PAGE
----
…I believe Amazon is anything but irrational when it comes to how they think about margins. I believe it’s a calculated strategy on their part, and anyone competing with them had best understand it.
Low margins, per se, isn’t a strategy. Amazon is pursuing a cost advantage, and it’s choosing to keep its prices very low, hence the low margins.  With a cost advantage and low prices, Amazon gives away a lot of value to customers, instead of capturing a lot of value for itself in the form of profits. Its primary objective is to gain market share (i.e., both new customers and a greater portion of existing customers’ everyday shopping). With an increase in market share, Amazon can further reduce its costs through economies of scale (i.e., spreading its fixed costs, such as infrastructure and R&D, over a greater number of customers served and products sold).
Amazon’s cost advantage and its low prices explain why most other online retailers have been unable to gain significant market share and why Amazon is now posing a serious threat to companies like Costco and Walmart. In 2011, Amazon’s total operating expenses as a percentage of revenue were about 91.3%, or about 6% less than Costco’s and 3% less than Walmart’s.  
 I’d argue that Amazon is actually pursuing a dual advantage, both a cost and value advantage (at least for customers that favor convenience over impulse buying). This value advantage stems from features such as home delivery, extensive product reviews, excellent customer service, broad selection, etc.
 Looking at Amazon’s 10-K for the year ending December 31, 2011 and Google Finance (Financials, Annual Data), I found the following. Amazon’s total operating expenses as a percentage of revenue was 98.2%; Costco’s was 97.2%; and Wal-mart’s was 94.1%. Since Amazon also has the Kindle and AWS businesses we have to back-out revenue and operating expenses for these non-retail business. By reviewing Amazon’s 10-K and drawing on published data, I determined the following: Amazon’s total revenue was $48.077b, AWS revenue was about $1.586b, and Kindle revenue was about $2.404b. This yields $44.087b in revenue for Amazon’s retail business. For operating expenses, I allocated the following to Amazon retail business. 95% of “cost of sales,” assuming 5% of Amazon’s sales can be attributed to the Kindle, two-third’s of “fulfillment” costs, and one-third of the remaining line items (technology and content, marketing, G&A, and other operating expenses). Based on reading Amazon’s SEC filings, I’m assuming the bulk of fulfillment costs are for its retail business. I’m splitting the remaining line items equally across the three businesses (retail, Kindle, and AWS).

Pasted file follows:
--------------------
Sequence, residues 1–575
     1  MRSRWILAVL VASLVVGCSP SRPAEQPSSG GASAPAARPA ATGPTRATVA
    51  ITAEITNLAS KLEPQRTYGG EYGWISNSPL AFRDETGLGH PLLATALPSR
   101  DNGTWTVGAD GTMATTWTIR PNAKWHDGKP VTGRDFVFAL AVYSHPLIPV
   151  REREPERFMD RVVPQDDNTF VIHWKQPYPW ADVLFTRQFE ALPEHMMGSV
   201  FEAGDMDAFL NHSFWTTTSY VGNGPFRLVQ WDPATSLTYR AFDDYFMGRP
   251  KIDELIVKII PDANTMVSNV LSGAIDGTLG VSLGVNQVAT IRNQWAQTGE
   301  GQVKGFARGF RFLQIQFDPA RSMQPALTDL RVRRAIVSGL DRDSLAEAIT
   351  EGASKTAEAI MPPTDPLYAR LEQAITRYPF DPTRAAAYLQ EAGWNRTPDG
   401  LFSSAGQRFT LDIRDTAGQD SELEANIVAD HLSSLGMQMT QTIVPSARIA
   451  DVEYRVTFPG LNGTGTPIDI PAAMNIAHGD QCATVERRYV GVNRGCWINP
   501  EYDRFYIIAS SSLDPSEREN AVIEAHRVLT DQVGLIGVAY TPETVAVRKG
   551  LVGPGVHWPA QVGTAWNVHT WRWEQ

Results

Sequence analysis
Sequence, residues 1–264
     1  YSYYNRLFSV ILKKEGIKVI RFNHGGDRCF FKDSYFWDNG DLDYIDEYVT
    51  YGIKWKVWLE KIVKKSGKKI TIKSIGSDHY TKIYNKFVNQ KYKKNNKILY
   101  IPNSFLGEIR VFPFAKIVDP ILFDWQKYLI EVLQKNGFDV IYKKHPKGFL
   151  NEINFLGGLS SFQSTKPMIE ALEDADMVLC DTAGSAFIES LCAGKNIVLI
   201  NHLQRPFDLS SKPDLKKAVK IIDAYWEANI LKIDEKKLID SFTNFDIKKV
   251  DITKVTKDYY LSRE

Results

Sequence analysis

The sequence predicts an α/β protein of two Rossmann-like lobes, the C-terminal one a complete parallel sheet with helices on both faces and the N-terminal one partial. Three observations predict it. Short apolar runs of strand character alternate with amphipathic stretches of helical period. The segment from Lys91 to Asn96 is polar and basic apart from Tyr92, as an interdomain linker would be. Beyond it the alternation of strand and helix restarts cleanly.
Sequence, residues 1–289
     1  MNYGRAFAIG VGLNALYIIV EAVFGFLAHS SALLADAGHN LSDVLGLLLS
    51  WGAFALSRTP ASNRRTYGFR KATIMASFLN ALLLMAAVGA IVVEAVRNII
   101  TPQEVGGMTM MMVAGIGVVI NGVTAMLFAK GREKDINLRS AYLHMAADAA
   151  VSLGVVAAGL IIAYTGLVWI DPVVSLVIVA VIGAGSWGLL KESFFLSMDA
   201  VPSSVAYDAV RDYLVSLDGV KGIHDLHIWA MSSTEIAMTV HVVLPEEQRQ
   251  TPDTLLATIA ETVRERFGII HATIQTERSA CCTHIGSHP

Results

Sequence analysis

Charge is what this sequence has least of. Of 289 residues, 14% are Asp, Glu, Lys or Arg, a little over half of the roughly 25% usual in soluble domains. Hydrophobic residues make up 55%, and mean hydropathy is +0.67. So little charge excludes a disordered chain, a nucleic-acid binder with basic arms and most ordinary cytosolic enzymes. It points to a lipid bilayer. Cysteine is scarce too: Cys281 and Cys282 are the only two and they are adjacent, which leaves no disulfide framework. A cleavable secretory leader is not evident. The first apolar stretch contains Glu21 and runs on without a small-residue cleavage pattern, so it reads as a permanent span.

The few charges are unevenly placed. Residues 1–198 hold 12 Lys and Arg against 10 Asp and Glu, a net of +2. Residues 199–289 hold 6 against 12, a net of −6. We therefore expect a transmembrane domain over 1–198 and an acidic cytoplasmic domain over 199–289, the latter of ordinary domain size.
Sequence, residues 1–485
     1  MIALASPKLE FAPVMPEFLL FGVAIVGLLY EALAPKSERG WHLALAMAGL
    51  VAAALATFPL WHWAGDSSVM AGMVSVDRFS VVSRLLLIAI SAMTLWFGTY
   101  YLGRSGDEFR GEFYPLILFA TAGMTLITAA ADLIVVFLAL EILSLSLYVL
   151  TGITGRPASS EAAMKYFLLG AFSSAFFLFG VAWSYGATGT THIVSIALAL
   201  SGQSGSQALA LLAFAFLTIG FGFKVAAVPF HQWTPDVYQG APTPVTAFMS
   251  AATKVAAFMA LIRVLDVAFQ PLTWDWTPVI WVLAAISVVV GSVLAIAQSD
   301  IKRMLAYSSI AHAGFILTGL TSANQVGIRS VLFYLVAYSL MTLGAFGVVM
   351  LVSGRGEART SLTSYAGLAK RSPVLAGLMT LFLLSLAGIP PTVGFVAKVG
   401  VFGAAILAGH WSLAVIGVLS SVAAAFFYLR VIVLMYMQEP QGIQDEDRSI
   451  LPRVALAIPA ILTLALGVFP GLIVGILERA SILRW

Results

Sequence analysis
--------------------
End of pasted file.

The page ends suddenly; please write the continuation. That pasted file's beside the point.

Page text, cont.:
Given Amazon is still scaling aggressively, I anticipate this cost advantage to increase overtime. Looking at the latest four years of financial data in Google Finance, Amazon’s revenues are growing at a 25.85% CAGR. This contrasts with 8.54% for Costco and 2.54% for Wal-Mart.